|English Press • By Mia • 0 Comments|
from LittleWhiteLies.co.uk / by Zara Miller
(full version of the interview on which the article published in their March/April issue is based)
The French actress talks about returning to her roots for her latest role in Guillaume Canet’s Little White Lies.
From skipping girlfriend to scorned wife, Marion Cotillard’s roles have mirrored her maturing process as an actress. Starring alongside some of the biggest names in Hollywood she has, nonetheless, managed to retain an umbilical connection to France. For her new role in Guillaume Canet’s Little White Lies, Cotillard has rubbed the stars from her eyes, appearing with an all-French ensemble. Marion plays Marie; the name alone being an indication of the transformation expected. LWLies met with Marion in Paris back in January to discuss how she feels about being the latest in a long line of French actresses to cross the sea and charm the world.
LWLies: In your career you’ve played lots of roles that could be considered as quintessentially French. From Edith Piaf to a French cafe owner in A Good Year. Do you treat these roles as honouring a sense of patriotism?
Cotillard: I’ve never thought about those roles that way really. Well, of course, with Piaf, she’s a very, very strong figure. But even though she represents a very big, a very important part of French culture, when you do a movie and when you play a character you’re connected to, if you’re lucky enough, you’re connected to what’s inside this person and not what this person represents. So I never had these questions in my mind or these thoughts.
We’re really interested in your transition to Hollywood. Often when actors and actresses move across seas, in between films, it’s quite a mystery what goes on in the middle there. What was your initial impression of Hollywood?
I had the best experience there. My initial impression of Hollywood is more given to me by my experience during Awards season than doing a movie. Because when you’re doing a movie it’s not Hollywood that you see, it’s people working and people involved in the same direction; to tell the same story.
So when you first started working in Hollywood productions, did any one expect you to change?
Oh no, I don’t think so, I’m not sure I’m able to change. I’m very lucky to work there and all the directors I’ve worked with expected me to be who I am and be able to give what I can give as an actress. I don’t even really know what it means, because of course when you are a character you’re not entirely yourself, or you may be more than yourself.
So you didn’t have to undergo the sort of harsh judgement Piaf experienced: the way it’s depicted in La Vie en Rose? Because Piaf wasn’t glamorous, in the conventional Hollywood way.
Yeah, but on the other hand, they were touched by what she had to give and it took time because you don’t relate right away to a woman who’s from a different culture who sings with a very strong French accent. Because she always had a very very strong French accent, even when she sang in English. But then, behind this you have the emotion she could give and that’s what touched people. And it took a little time for them to get used to this weird looking French energy.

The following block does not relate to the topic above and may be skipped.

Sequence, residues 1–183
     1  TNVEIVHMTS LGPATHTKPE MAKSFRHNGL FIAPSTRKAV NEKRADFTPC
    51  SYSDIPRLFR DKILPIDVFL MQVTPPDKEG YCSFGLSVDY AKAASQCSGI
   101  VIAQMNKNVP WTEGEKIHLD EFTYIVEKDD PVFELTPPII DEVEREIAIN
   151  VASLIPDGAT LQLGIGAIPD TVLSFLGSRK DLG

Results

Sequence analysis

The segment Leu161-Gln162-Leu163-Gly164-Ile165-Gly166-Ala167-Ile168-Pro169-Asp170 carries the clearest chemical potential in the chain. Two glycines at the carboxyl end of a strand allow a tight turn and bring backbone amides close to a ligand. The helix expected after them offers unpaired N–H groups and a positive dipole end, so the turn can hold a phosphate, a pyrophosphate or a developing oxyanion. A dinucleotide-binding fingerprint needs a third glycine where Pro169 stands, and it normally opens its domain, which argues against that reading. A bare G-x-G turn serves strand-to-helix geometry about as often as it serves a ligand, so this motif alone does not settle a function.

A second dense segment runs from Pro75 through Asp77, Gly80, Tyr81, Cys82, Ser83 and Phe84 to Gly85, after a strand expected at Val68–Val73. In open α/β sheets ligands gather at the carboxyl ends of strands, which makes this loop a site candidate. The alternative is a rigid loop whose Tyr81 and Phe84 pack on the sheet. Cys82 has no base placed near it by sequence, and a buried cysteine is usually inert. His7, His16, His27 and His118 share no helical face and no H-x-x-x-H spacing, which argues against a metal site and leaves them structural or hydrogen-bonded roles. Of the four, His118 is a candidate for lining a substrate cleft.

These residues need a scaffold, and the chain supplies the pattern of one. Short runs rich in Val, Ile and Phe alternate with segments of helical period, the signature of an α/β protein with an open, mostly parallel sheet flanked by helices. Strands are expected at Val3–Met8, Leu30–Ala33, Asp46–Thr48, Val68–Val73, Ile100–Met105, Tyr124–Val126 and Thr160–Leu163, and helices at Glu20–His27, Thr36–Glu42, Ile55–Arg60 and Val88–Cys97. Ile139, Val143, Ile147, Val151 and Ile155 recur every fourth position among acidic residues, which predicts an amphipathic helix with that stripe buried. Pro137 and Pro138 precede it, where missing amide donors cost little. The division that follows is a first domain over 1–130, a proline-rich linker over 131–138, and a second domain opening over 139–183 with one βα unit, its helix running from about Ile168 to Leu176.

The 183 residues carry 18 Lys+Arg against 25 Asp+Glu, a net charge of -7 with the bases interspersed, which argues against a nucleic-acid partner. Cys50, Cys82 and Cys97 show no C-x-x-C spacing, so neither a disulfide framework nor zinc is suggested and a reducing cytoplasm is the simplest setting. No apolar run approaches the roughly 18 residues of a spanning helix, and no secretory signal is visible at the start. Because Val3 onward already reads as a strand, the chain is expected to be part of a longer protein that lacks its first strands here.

Just to clear up, we weren’t suggesting in any way that you look like Piaf…
No! And I wouldn’t compare myself to her, ever!
From becoming the face of Dior to travelling to dream worlds in Inception, how did it feel to do Little White Lies; a story that is very much more grounded in normality?
It was very different because for a few years I had travelled: from the ’20s to the ’60s with Piaf; and then to the ’40s with Public Enemies; then to the ’60s with Nine; Inception was… out of time. And then, suddenly, I can wear jeans, I can talk my own language. So it’s at the same time relaxing and really scary.
Scary in the sense that you had to put more of yourself out there?
Yeah, but then sometimes I had to take me back in. And I didn’t really want to do that, but it’s what worked. When you have like a structure of having to speak like they did in the ’40s, in the ’60s, it was a different language, and then you have to think about how to speak. So you really create a structure for your character in a world that he will be at ease in. I didn’t have to create a world for Marie because I know this world, I live in this world. So sometimes I was kind of lost because I didn’t know exactly how to create my structure.
So it was almost as though you were too used to being Marie?
No, no, no it was not about that. A few years ago I could have been that character, not entirely because on many levels we are different, but I met this girl before in many people, I met her. And I met her as she looks. I could’ve met some people who look a bit like Billie in Public Enemies but it’s like little flavours, it’s not the entire person; someone I can have a dinner or lunch with, or drink a beer or something. So it was really weird that she was so close from my world after all the experiences I had before where it was a world I don’t know anything about before starting to study how it was in Chicago in the ’40s.